There usually are a lot of queries that come our way from organisations asking about how to improve the agility of their IT solutions and their associated value streams. More often than not the enquiry is around DevOps and how we can help their organisation and solutions. We have therefore provided a small explanation here, on what DevOps is and how it helps your organisation.
What is DevOps?
DevOps as a philosophy is a consolidation of various Agile principles and practices and essentially means there is a tight integration between the development and operations team. It does not mean developers do operations or vice-versa but rather about how they are both integrated together to implement a lean and agile delivery cycle that is a shared responsibility of both, resulting in improving business value. There can however be some shared responsibility between the teams in terms of shared resources.
Cornerstones of DevOps philosophy
Version controlled Small and Reversible Changes
One of the most important cornerstones of a DevOps organisation is the ability to plan and execute small reversible changes on applications. This aligns with principles of flow in a traditional enterprise that aims to keep the number of Work in Progress Items to a minimum size and number. This enables a rapid and smooth flow of change items through the delivery pipeline. A reversible change is something that enables an easy rollback if it fails a set of tests, before it is released into production. Version controlling the changes is an important part in enabling tracking granularity of the change. It increases ease of communication regarding the change to stakeholders and incase of failure to easily rollback to a previously known good state.
`Automate everything` is a core principle of devops. Automation enables the smooth flow of changes through the delivery cycle, as more often than not, if there is no automation, it causes delays and issues due to human error. Automate the deployment of changes, have hooks that test the code, measure the success of a deployment by specifying and measuring against KPIs. Setup of operational monitoring metrics, security scans, patching – All of these can be automated as part of the delivery cycle to ensure compliant and enable rapid development cycles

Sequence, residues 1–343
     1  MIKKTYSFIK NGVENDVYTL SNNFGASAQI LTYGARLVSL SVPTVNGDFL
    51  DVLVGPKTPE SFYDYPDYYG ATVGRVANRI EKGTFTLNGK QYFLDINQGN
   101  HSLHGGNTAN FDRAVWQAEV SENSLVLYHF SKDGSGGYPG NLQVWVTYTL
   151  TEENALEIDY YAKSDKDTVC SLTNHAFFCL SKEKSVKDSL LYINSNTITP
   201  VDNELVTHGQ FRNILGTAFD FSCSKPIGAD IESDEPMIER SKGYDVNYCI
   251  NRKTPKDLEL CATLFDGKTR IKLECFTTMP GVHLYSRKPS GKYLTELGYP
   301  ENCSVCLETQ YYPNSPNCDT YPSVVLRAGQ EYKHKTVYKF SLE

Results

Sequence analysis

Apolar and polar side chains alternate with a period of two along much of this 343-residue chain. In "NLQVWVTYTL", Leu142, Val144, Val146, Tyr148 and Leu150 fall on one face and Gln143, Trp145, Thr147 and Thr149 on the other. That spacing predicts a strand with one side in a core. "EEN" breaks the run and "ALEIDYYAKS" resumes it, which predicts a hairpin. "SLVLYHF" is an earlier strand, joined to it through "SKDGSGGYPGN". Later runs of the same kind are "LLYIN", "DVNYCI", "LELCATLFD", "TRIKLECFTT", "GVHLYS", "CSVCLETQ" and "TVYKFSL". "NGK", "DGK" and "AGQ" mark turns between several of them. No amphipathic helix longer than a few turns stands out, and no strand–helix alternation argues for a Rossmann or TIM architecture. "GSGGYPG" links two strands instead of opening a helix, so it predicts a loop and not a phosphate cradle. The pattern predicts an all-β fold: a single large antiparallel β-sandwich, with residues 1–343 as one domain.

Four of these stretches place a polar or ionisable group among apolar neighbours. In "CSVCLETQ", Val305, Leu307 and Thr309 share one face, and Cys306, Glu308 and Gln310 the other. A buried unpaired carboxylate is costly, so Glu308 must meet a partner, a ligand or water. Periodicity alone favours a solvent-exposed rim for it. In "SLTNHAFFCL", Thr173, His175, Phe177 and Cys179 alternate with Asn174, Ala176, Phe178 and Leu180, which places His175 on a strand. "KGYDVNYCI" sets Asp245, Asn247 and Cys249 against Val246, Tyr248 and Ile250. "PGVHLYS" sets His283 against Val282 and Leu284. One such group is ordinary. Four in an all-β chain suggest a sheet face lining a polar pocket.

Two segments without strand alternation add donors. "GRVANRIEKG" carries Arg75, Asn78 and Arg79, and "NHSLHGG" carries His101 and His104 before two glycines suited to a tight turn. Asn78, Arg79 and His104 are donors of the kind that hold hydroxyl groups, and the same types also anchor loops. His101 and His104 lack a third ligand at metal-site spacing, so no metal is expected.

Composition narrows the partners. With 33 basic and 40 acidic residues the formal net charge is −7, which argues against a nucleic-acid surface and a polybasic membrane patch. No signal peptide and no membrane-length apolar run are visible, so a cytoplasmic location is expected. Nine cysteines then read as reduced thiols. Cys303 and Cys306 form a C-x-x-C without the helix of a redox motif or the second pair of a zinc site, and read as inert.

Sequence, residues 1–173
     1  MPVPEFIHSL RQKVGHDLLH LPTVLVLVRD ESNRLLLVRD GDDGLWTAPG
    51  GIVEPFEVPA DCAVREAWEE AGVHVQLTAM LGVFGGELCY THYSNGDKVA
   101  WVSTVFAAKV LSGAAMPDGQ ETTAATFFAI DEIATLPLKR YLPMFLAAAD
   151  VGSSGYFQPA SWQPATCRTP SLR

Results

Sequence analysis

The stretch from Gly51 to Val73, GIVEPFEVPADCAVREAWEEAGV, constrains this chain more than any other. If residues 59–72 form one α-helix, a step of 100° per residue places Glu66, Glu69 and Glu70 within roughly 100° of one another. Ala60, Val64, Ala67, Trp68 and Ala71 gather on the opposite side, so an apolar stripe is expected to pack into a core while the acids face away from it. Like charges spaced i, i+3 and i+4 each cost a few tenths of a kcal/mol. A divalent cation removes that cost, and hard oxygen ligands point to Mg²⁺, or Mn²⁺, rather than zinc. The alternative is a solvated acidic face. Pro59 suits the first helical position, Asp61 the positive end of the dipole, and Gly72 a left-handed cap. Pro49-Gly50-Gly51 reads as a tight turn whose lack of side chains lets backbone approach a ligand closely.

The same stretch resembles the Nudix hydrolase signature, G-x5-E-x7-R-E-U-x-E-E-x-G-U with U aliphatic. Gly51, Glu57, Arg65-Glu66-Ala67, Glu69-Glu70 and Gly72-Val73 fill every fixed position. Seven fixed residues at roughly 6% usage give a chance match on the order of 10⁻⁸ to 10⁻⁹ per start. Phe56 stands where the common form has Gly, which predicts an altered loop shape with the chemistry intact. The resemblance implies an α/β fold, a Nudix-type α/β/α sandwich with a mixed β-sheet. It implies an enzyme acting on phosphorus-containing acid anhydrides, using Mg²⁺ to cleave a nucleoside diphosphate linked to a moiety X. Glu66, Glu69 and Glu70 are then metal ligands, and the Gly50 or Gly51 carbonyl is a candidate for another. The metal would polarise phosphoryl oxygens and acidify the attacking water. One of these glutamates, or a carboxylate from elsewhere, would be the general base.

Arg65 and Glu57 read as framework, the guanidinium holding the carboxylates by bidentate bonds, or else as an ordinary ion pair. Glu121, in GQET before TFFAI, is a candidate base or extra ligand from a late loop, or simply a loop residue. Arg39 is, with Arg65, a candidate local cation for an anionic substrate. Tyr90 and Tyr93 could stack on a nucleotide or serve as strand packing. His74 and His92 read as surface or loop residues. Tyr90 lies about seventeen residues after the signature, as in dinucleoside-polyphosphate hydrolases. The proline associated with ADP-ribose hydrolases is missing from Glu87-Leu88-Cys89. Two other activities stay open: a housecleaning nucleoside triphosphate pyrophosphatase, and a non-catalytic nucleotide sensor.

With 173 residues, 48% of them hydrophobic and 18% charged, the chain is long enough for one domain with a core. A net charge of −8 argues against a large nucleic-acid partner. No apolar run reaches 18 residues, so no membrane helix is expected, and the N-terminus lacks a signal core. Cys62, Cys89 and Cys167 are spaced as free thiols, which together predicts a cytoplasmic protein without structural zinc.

Infrastructure as Code
Everybody understands application code, however, one of the most important ethos of DevOps is to treat Infrastructure the same as application code is treated. I.e Infrastructure should be codified. This helps automation of deployment and reduces friction between developers and operation engineers for infrastructure provisioning. It also enables consistency of infrastructure between development and production environments. The codified infrastructure can then be version controlled and correlated to the application releases as well. Some well known approaches leverage containerisation and virtualisation as building blocks for a DevOps focussed organisation to enable availability of consistent infrastructure. We will be covering various approaches in future blog posts
Continuous Improvement through Feedback
This foundational cornerstone is a culmination of all the above discussed topics. Once an application and infrastructure is codified and version controlled, their performance KPIs and test results are automatically recorded, Security patches and scans are automated and results are made available to the stakeholders, this information is then made available in realtime to all relevant stakeholders either through dashboards or push notifications for exceptions. It then leads towards the maturity of the DevOps model, which is to enable quick experimentation to plan and deliver the next value adding feature or even a bugfix, based on the real time feedback being received.
An understanding of these principles is essential for any organisation to start their journey into the DevOps world. The following diagram, sourced from Atlassian, concisely illustrates a mature DevOps cycle.
By applying the cornerstones discussed, the diagram nicely summarises what we will end up achieving. I.e plan and build small reversible changes that are tested through automation (continuous integration) that are then deployed (continuous deployment along with infrastructure as code) which goes into production feeding into KPI metrics and all of this is backed by real time communication to stakeholders on every step ensuring transparency of development and operations.
To enable organisations’ DevOps journey there are a variety of tools and approaches for each of the cornerstones that can be adopted to help implement DevOps transformation, and as part of an ongoing series of blogs, we will look at these in more detail.